Film should project right message, says soccer coach to be portrayed by Amitabh Bachchan

For 73-year old Vijay Barse, though, director Nagraj Manjule’s forthcoming film Jhund is not as much exciting for the fact that actor Amitabh Bachchan will portray his character of a man who had changed the lives of hundreds of slum children through soccer, but for the possible impetus the film may provide his ‘Slum Soccer’ project.

Written by Vivek Deshpande | Nagpur | Updated: November 5, 2018 3:14:50 am

Vijay Barse with students at Bokara village. (Express photo by Monica Chaturvedi)

They both have a famous first name, Vijay. One in films and the other in real life. One had played a little soccer in his youth while the other has never played the game. But their identities are going to coalesce into a film that could be yet another highlight of their careers.

For 73-year old Vijay Barse, though, director Nagraj Manjule’s forthcoming film Jhund is not as much exciting for the fact that actor Amitabh Bachchan will portray his character of a man who had changed the lives of hundreds of slum children through soccer, but for the possible impetus the film may provide his ‘Slum Soccer’ project.

Barse has been written about extensively for his work to engage slum children in soccer. The idea had struck him about 18 years ago, when he saw children playing with a broken bucket, kicking it all over a small open space in Nagpur.

“As a physical education teacher in Nagpur’s Hislop College, I was a handball guy. I had also been an international umpire but never had a brush with soccer. Even today, I don’t know many things about the game. But when I saw those children, a thought was triggered — I can help them play the game as it is played. So, I sought help from some of my football friends,” Barse told The Indian Express.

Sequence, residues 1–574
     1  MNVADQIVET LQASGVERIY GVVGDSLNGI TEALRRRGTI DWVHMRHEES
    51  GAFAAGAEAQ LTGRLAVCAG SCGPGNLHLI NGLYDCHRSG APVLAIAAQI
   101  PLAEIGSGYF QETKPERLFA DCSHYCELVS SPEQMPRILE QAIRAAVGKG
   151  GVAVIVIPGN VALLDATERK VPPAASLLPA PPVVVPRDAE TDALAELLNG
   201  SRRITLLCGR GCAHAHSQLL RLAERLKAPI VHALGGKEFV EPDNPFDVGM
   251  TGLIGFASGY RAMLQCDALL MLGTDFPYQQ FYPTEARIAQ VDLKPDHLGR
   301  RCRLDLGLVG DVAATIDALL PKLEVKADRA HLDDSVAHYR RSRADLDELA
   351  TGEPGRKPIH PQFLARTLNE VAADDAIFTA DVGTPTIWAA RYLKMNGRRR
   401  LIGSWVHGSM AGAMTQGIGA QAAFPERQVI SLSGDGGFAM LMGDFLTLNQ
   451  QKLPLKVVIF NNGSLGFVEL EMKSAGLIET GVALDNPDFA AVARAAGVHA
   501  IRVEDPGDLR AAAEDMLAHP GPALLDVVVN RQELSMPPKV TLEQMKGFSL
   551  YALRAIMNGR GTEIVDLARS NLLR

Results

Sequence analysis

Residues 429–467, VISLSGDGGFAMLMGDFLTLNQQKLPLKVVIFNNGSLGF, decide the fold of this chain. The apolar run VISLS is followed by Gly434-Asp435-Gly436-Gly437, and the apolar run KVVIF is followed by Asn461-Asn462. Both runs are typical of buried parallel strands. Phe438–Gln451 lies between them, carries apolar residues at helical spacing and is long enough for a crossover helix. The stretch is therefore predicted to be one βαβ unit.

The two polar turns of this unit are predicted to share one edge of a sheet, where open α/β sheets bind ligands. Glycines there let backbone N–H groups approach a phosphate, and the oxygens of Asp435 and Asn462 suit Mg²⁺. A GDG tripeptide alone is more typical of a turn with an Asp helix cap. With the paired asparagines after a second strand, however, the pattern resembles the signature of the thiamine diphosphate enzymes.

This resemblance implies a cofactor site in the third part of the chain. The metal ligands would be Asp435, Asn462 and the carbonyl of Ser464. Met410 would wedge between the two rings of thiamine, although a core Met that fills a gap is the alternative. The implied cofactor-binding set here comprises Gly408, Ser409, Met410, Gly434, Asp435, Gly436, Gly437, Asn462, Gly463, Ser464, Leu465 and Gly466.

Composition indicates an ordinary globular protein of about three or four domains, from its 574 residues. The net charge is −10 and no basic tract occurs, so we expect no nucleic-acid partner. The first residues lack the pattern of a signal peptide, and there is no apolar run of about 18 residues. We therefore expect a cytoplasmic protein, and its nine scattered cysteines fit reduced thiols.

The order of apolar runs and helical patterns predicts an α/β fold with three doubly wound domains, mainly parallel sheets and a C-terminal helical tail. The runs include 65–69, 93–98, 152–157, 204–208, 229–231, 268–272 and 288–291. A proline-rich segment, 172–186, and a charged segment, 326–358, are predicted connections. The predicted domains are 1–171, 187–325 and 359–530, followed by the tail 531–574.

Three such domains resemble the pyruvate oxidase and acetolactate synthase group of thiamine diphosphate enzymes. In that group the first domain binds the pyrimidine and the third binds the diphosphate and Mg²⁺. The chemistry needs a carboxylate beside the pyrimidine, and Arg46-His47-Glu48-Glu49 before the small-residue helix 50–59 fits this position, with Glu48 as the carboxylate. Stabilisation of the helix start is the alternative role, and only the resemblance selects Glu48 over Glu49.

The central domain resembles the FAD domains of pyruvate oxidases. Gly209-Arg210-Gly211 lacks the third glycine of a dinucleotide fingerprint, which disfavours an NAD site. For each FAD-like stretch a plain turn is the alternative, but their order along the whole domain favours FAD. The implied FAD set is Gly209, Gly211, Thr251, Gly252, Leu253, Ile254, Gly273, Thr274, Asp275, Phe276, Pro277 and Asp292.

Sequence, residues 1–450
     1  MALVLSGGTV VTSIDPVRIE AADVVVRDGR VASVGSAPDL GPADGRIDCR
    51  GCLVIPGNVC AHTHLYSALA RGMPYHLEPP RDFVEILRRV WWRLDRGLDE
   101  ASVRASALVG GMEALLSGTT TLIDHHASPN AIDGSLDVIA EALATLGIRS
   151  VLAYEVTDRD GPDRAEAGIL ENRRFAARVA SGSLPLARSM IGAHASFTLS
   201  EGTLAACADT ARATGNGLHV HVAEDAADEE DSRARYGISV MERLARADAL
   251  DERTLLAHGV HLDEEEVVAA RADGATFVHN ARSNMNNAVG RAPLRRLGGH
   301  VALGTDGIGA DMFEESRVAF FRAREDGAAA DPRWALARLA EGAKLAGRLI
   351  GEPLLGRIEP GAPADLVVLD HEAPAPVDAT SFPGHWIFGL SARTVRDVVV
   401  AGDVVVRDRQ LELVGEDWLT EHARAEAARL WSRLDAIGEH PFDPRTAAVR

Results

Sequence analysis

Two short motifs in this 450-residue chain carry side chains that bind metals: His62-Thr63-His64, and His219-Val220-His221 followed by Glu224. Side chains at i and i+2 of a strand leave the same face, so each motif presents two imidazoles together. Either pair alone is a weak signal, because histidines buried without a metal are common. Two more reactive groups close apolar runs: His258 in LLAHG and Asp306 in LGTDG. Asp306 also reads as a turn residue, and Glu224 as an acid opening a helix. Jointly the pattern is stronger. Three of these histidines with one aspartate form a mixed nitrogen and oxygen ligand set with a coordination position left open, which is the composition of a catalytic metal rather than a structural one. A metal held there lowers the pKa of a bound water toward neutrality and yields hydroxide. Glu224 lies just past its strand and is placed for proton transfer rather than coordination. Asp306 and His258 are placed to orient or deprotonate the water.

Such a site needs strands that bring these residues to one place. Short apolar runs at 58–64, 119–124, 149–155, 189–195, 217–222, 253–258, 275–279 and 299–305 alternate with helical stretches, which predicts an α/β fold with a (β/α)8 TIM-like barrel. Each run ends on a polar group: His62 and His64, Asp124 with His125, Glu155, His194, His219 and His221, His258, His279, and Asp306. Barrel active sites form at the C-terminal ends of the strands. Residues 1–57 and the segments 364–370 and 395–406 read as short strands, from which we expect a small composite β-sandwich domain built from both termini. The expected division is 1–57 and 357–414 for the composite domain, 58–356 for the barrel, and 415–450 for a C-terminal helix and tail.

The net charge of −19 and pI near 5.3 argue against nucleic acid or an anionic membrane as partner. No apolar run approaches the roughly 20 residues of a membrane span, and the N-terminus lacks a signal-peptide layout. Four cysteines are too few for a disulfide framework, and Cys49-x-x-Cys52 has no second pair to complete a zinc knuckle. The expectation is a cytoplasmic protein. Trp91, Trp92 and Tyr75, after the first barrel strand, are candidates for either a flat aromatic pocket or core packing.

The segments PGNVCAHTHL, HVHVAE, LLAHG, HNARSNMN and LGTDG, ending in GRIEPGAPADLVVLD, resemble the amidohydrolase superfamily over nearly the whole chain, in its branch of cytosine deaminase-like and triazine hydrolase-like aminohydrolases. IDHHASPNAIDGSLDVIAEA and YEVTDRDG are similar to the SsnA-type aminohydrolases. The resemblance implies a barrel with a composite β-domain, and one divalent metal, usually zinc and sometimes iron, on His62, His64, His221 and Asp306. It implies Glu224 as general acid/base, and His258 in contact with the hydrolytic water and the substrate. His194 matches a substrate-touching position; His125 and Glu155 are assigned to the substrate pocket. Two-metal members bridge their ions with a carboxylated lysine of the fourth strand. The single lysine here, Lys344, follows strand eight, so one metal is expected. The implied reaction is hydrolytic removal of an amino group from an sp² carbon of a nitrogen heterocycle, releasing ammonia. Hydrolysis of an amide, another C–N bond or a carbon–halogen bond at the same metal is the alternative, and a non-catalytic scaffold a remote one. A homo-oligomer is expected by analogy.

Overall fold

The thought was soon converted into action, with the first slum tournament being held in 2000. Since then, Slum Soccer had grown by leaps and bounds with Barse’s boys and girls participating in various tournaments, nationally and internationally. Last year, the boys’ team ended 19th among 60 teams and girls’ team notched seventh spot among 16 teams in the Homeless World Cup tournament for the underprivileged at Oslo. Slum Soccer now has two more centres, at Chennai and Kolkata.

“I have used my and my teacher wife Ranjana’s earnings to raise this project. The aim was development of slum children, who have no takers. Today, my children are doing well, which makes me happy. People from around the world have lent a helping hand. International coaches volunteer to come to my centre to train my children. That’s so very satisfying,” said Barse.

At the Bokara village campus of Krida Vikas Sanstha, the NGO that runs the Slum Soccer project, the buzz about Jhund — Manjule’s debut Hindi venture — can’t be missed. Manjule and his teams have been frequenting the place over the past few months to prepare for the shoot.

Four from a group of girls playing the game on an astrotrufed ground on Barse’s land are a excited lot. “They have auditioned us. But we don’t know if we will get to play a role in the film,” said Bhumika Deshmukh, from a local village.

The shoot was earlier planned at Savitribai Phule Pune University campus and the set, too, had been erected. But opposition by students led Manjule to shift base to Nagpur, where shooting will begin from November 9. Bachchan will arrive on November 15, said Barse.

Barse has seen many Bachchan films but isn’t excited about meeting the actor. “Meeting him will, of course, make me happy but I avoid excitement. Let the film be completed and run successfully first.”

His son Abhijeet, the CEO of Slum Soccer, said: “He has always been like that. He feels let the film get off the ground first. “ Abhijeet had left his job in the US to work with his father.

In regard to Jhund, Barse hoped Manjule is successful as this is his first Hindi film. “I learnt that he, too, comes from a humble background like many of my children.” Barse has no issues with Manjule putting in his own interpretation in the film. “All I want is that the film should project the right message about my work,” he said.

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